This book begins with an attempt to respond to that frequently asked question about the need for new churches. The second chapter introduces what this writer believes are the three crucial questions in new church development. Who will be the church planter? What is the vision that drives the effort? Who are the leaders who created that vision?
The next two chapters raise three questions that rarely receive the attention they deserve and some will perceive them as diversionary or dull or dumb. Ministers and volunteers who already are engaged in creating a new mission may want to skip these first four chapters and concentrate on some of the more pressing and practical questions that begin with picking a meeting place. That issue is introduced in chapter 5. Overlapping questions on models, target audiences, alternative focal points, and size are raised in chapters 6 and 7. Chapters 8 and 9 reflect a strong bias against the invasion of privacy and contrast telemarketing with direct mail evangelism.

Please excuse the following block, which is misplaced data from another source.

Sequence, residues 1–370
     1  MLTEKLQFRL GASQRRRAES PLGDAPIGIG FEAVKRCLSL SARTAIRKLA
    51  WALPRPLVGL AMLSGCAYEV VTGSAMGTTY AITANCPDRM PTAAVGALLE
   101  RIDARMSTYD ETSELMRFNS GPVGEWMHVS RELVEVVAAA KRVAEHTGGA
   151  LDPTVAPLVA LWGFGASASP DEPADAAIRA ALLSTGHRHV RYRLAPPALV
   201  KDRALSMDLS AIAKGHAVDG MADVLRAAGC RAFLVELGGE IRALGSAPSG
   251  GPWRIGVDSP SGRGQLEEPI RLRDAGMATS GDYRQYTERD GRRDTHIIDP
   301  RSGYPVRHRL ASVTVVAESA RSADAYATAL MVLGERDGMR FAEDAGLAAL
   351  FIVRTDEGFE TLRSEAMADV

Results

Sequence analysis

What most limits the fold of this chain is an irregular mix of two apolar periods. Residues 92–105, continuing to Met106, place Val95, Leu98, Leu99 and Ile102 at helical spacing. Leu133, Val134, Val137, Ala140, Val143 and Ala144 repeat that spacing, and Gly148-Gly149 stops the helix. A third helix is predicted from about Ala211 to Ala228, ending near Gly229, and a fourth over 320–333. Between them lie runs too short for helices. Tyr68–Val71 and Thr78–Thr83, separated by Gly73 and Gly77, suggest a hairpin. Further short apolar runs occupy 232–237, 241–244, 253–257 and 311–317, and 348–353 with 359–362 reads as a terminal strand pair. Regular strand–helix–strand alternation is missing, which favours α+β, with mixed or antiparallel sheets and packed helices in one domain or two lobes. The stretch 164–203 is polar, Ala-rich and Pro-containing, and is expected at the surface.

One of the most widely neglected facets of new church development is the value of a distinctive identity for every new mission. Chapter 10 lifts up a dozen questions that will help determine the identity of a new mission.
While neither one receives the deserved attention, two of the early decisions with long-term consequences are (1) the selection of the first volunteer leaders and (2) the place of missions in that new congregation. These are discussed briefly in chapters 11 and 12.
For many people the two central issues in planning new missions are finances and real estate. These are deliberately placed after the discussions of more influential variables such as identity, those initial volunteer leaders, and the place of missions. A half dozen questions on real estate and finances are reviewed in chapter 13.
Sooner or later at least nine out of ten new missions encounter resistance from among some of the pioneers to the goal of continued numerical growth. An extremely biased and one-sided chapter 14 offers a dozen reasons why continued numerical growth is good and should be encouraged.